I would not blame American counterparts, because it is up to the foreign students if they will become close friends with Asian students or American students. Making friends needs some effort when someone is in a new environment, so if the foreign student wants to make American friends, s/he should try to communicate more with American students. They should at least try at first, because effort can change something and I believe the real attraction of studying abroad is to be able to interact with foreign cultures.

  3. I think that this is a very natural and common situation also here at Sophia. Even between the native Japanese students who have never been abroad and returnee students, there is a significant distinction when we spend time being together at classes. Most of the native Japanese students are relatively shy and speak English so slowly, being afraid of mistakes. Most of the returnee students, on the other hand, are speaking fluently, confident and always relaxed. This distinction would never change also at the schools in U.S. It could be true that people, especially young people like students, do not tend to want to mingle with those who look or seem different. Furthermore, if that distance becomes worldwide like between the U.S. and East Asia, it would be obvious that these students cannot easily overcome the cultural and behavioral border, though it is one of the most important and valuable things to reach the goal of understanding each other.

  4. I think the article is very true. A graduate student who came from another university to Sophia told me that she wondered why many exchange students at Sophia were not with Japanese students. Also, when I went to language training to Barcelona, Japanese students were always sticking together while other students who came from European countries made one group regardless of the differences of their native countries. There are big differences between European cultures and Asian cultures and Japanese are often worse at speaking English than European people. As the article says, these are some of the reasons why Asian students have a hard time to get used to the society of American students.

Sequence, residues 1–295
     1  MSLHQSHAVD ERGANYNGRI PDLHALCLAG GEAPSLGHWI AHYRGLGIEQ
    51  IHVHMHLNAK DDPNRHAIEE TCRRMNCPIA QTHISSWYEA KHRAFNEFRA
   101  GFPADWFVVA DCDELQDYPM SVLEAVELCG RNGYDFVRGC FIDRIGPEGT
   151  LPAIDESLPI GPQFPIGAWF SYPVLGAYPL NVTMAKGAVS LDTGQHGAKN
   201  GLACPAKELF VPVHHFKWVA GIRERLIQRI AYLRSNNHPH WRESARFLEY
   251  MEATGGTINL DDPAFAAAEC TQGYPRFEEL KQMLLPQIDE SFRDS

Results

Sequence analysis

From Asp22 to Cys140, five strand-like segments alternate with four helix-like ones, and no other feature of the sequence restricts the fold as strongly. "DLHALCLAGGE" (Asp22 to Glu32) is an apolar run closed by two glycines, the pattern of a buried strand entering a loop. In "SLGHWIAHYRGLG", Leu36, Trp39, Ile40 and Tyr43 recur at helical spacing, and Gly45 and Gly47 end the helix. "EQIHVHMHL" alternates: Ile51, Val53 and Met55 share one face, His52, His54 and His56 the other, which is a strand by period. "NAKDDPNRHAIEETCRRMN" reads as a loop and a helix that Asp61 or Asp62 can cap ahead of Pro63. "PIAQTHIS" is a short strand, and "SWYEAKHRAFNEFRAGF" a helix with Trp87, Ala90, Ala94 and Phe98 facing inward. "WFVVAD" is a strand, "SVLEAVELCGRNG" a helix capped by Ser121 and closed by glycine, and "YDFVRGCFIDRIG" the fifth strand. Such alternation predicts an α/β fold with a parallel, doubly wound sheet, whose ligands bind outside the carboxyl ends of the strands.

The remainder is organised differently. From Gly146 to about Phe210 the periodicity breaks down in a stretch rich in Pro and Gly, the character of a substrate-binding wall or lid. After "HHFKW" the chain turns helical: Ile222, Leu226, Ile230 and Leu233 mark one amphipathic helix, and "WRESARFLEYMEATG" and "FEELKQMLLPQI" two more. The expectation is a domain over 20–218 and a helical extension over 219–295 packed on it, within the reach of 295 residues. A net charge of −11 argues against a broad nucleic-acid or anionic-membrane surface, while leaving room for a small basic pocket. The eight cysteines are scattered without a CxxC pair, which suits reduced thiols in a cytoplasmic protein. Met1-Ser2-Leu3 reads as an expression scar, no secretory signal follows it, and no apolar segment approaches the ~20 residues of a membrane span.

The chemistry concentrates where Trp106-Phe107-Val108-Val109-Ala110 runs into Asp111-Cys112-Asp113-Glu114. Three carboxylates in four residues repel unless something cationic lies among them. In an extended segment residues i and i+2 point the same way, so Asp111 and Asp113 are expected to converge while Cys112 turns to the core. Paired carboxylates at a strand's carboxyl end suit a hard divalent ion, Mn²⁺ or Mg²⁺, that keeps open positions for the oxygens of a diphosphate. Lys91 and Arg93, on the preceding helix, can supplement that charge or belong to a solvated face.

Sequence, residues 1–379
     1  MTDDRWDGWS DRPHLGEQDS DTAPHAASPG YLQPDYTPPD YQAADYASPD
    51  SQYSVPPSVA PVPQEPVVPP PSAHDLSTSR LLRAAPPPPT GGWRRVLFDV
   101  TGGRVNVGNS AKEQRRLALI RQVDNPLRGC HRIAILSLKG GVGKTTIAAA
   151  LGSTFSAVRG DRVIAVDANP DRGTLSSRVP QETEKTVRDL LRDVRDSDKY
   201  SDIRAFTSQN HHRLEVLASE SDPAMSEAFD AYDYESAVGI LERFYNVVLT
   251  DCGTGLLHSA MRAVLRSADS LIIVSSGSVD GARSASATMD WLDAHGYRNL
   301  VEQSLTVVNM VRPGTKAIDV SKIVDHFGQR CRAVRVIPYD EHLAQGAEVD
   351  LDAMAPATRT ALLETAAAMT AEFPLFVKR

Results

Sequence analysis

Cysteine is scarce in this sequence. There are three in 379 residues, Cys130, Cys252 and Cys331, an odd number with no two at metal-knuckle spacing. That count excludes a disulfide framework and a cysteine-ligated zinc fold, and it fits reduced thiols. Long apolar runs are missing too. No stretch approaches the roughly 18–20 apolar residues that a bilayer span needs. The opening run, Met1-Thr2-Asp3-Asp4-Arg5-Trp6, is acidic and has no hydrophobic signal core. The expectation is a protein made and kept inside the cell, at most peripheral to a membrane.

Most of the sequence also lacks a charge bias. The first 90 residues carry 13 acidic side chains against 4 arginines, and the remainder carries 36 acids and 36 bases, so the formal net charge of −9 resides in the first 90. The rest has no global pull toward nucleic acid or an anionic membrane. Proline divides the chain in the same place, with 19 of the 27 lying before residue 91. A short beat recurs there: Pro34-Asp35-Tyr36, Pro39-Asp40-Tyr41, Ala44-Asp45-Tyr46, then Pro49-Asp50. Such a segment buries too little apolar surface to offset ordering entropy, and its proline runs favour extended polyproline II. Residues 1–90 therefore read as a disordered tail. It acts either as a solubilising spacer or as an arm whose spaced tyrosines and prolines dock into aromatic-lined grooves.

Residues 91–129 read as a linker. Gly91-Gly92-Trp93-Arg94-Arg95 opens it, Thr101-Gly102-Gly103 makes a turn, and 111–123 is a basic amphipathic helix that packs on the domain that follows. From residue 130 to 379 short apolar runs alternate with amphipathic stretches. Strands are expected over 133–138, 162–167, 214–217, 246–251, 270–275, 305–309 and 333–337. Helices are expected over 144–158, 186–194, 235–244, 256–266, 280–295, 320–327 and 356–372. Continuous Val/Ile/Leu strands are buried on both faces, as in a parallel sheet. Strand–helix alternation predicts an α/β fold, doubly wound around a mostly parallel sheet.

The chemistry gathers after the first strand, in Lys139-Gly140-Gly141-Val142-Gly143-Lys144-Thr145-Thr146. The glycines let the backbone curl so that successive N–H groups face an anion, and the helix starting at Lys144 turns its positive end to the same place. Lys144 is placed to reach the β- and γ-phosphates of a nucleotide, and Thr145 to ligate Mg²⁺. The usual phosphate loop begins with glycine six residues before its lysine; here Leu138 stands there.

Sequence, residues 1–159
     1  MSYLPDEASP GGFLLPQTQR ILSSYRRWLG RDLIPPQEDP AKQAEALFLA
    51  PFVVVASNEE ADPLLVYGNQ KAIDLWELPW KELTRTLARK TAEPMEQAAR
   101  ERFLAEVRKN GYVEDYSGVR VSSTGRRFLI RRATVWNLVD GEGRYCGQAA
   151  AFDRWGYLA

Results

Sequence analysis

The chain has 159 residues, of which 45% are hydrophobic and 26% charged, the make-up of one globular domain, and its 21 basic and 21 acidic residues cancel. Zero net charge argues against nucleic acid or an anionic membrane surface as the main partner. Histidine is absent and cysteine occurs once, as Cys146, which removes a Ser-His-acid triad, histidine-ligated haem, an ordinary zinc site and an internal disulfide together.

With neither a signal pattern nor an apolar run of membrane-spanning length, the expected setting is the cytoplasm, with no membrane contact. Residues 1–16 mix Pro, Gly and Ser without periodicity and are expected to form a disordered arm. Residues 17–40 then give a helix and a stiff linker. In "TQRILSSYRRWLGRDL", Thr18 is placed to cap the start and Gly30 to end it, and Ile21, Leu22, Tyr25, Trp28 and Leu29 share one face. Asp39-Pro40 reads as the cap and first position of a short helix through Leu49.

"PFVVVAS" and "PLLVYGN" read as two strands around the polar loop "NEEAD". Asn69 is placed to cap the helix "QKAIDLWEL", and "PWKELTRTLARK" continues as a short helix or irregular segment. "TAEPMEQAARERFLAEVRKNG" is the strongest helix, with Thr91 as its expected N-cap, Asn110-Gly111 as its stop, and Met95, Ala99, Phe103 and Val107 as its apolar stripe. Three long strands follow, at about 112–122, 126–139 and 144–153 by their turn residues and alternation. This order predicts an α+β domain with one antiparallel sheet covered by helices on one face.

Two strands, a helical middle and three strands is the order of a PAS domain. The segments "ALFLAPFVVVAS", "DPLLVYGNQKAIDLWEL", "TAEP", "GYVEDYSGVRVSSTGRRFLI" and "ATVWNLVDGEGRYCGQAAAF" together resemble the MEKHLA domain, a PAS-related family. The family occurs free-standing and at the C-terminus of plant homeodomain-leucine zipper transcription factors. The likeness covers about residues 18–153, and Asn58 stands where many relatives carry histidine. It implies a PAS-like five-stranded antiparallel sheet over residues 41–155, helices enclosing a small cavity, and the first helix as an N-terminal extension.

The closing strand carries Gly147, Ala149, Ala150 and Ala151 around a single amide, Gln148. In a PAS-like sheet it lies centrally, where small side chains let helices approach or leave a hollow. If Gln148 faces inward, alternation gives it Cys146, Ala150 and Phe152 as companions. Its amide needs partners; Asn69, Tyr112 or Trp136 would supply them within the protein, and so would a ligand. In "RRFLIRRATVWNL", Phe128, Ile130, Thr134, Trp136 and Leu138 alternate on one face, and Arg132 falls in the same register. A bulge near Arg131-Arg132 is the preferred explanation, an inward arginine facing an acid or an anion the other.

However, the story my friend who was an exchange student at Sophia last year told me struck me as a part of the reason why exchange students cannot adapt themselves to students of host university. What he told me was that he could not remember names of Japanese students because he met many students at one time. For European people, it must be hard to remember Japanese names which they are not familiar with. If exchange students and students of host university meet few times a week, it takes time to remember names and that can be one of the obstacles for both of them to be friends.

  5. I often hear that the situation written in this article happens a lot when Asian students study abroad. I have many friends who faced the situation like this. I think this happens because Asians expect local people to welcome them. Usually in Asian cultures, new people do not have to talk to local students actively because local people have interest in new people. Therefore, when Asian people want to have good relationships with Americans, Asians need to understand or realize the cultural differences.

  6. When I was studying in Canada during my middle school years, I was often treated as an Asian, which lead to some kind of discrimination. Foreigners were to stay at the dorm with the Canadian teacher and also with one or two roommates. My roommate was an Asian (Korean), and also experienced the same kind of discrimination. Since we are described as having “shy personality,” we were tended to be scolded by not telling our opinions. But in our countries, to the elders, we have some kind of spirit of respect, which leads to such an acting. Therefore, in my case, I felt having bonds with Asians and not with the English speaker is necessary to live in that kind of environment. I think that could be one of the reasons that Asians do not feel like being friends with American students (who express a strong image of English speaker) in a positive attitude.